Legacy Door Access Control Types
In the access control industry, the term "legacy" generally refers to systems that use old communication protocols, outdated security practices, and traditional credential types like key cards and PIN codes. Legacy access control systems primarily use the Wiegand protocol (also known as the 26-bit card format) which was popularized in the 1980s. Although this technology is still used today, it’s fallen out of favor of security experts because it’s a unidirectional protocol (i.e. it can only send information one way, from the reader to the panel), it transmits card data unencrypted, and is prone to hacking and other security vulnerabilities. Similarly, traditional credentials like key cards and PIN codes are easily lost, shared, or cloned, posing another security risk. Legacy access control systems are commonly seen in older office buildings, where upgrading systems can be arduous due to time, cost, and effort.
There are two major types of legacy access control systems:
Server-based Access Control System
A server-based access control system is one of the oldest types of access control still around today. In this setup, the readers and access control panels are wired to an on-premise server that has access control software installed on it. Optional workstations can be connected to the server, that administrators can use to manage the system. Server-based systems do not use the Internet; rather, everything communicates over a local area network (LAN) connection.
Browser-based Access Control System
Browser-based access control systems (also known as web-based) are similar to server-based systems but they differ in that the access control software is pre-loaded on the access control unit itself, and then accessed via a web browser. Like a server-based system, everything communicates over a LAN, so an Internet connection is not required.
Cost and Application
The costs associated with a legacy access control system include the following:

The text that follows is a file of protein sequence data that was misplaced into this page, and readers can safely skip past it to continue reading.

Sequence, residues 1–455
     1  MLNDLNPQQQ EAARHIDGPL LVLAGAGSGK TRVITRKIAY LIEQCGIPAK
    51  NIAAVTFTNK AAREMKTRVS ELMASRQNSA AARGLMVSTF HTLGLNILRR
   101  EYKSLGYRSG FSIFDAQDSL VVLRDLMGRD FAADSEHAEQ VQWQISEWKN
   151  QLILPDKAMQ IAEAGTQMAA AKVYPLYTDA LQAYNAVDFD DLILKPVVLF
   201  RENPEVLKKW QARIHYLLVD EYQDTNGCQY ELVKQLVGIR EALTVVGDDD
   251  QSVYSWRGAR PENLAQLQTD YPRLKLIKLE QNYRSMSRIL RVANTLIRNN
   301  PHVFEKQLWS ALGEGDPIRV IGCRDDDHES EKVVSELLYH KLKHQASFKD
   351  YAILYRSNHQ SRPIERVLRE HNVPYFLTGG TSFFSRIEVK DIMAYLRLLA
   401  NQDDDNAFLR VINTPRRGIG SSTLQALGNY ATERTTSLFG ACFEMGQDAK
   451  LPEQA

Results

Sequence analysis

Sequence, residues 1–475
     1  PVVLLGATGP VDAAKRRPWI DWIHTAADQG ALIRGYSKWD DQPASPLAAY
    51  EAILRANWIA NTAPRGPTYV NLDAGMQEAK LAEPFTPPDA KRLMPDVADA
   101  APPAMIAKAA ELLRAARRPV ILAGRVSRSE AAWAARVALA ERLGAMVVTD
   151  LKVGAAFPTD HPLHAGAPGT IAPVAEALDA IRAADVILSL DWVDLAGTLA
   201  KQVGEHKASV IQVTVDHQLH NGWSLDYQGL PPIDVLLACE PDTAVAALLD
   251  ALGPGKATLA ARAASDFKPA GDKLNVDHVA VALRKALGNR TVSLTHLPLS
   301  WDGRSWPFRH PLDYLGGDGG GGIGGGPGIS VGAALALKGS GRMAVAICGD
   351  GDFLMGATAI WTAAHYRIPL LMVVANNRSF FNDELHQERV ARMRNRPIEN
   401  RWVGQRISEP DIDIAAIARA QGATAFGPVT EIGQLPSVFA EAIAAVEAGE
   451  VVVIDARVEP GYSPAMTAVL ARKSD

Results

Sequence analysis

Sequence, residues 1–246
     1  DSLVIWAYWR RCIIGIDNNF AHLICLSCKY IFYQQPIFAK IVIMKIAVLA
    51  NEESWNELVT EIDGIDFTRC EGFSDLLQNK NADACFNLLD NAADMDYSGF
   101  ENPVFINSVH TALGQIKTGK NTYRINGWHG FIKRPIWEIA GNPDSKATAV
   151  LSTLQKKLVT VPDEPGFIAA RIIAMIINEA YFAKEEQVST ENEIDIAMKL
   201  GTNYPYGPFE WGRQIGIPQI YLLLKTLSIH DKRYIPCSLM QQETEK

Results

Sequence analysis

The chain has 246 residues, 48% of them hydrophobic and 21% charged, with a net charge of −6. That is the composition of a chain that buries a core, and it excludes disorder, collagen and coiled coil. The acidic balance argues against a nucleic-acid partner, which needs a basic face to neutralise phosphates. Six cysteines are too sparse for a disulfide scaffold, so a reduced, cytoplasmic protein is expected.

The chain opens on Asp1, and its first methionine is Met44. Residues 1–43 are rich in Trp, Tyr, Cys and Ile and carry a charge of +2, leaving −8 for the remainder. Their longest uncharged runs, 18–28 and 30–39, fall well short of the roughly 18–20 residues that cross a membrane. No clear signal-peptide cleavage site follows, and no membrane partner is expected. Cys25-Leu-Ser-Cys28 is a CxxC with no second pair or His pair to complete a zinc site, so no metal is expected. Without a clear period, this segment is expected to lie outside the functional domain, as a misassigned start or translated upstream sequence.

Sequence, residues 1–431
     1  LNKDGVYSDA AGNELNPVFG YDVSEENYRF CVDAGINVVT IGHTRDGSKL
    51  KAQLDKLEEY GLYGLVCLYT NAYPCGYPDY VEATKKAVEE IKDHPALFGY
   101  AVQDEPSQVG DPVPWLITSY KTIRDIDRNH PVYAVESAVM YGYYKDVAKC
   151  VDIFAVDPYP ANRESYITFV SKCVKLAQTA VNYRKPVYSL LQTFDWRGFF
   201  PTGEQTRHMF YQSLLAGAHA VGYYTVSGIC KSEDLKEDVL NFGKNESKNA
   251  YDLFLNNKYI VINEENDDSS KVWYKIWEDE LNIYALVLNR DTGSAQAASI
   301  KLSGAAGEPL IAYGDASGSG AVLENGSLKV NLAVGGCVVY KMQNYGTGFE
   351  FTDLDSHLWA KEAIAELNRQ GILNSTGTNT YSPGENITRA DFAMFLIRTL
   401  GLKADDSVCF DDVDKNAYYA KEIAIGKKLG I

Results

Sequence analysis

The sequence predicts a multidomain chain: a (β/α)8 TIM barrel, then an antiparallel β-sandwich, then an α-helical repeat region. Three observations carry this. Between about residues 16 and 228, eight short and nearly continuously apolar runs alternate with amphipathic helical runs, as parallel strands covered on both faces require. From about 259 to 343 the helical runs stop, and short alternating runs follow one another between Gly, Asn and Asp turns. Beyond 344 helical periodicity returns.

PCs/servers to host the access control software
In legacy access control systems, dedicated hardware is required in order to run and manage the access control system. This hardware must be purchased and then maintained throughout the life of the access control system.
Additional workstations to manage the access control system
In addition to the access control server, workstations are often used to make maintaining the system more flexible and remote-friendly. The cost of hardware for additional workstations is specially an issue for large, multi-building sites.
Administrative software licenses
Software that is installed on dedicated servers and workstations often requires individual licenses to operate. Also, major software upgrades might come with additional costs, including any IT resources needed to perform the upgrade.
Key cards and fobs might seem like a small expense, but the upfront cost of providing credentials to employees and tenants is a factor to consider. Also, the cost of replacing lost and stolen credentials can add up quickly.
Ongoing maintenance and upgrade costs
Often, legacy access control systems are maintained by dedicated IT resources, which can be expensive.
Legacy vs. Cloud-based Access Control
There are several challenges associated with legacy access control systems:
They're high maintenance
The main difference between legacy systems and cloud-based systems is that in legacy systems, the software resides on hardware maintained by the end user offline, and in cloud-based systems, it resides in the cloud (i.e. on a remote system of servers) maintained by a third party online.
They're not remote-friendly
In a legacy system, since the access control software can only be accessed over a LAN, that means administrators must use in-network devices in order to make changes to the system, making it difficult to manage remotely.
They're less secure
They typically use outdated security methods, and they're limited in the types of credentials they support: PIN pads, key cards, and fobs.
In contrast, cloud-based systems are designed to be remote-friendly, easy to use, and support mobile credentials and modern security practices like end-to-end encryption and multi-factor authentication (MFA).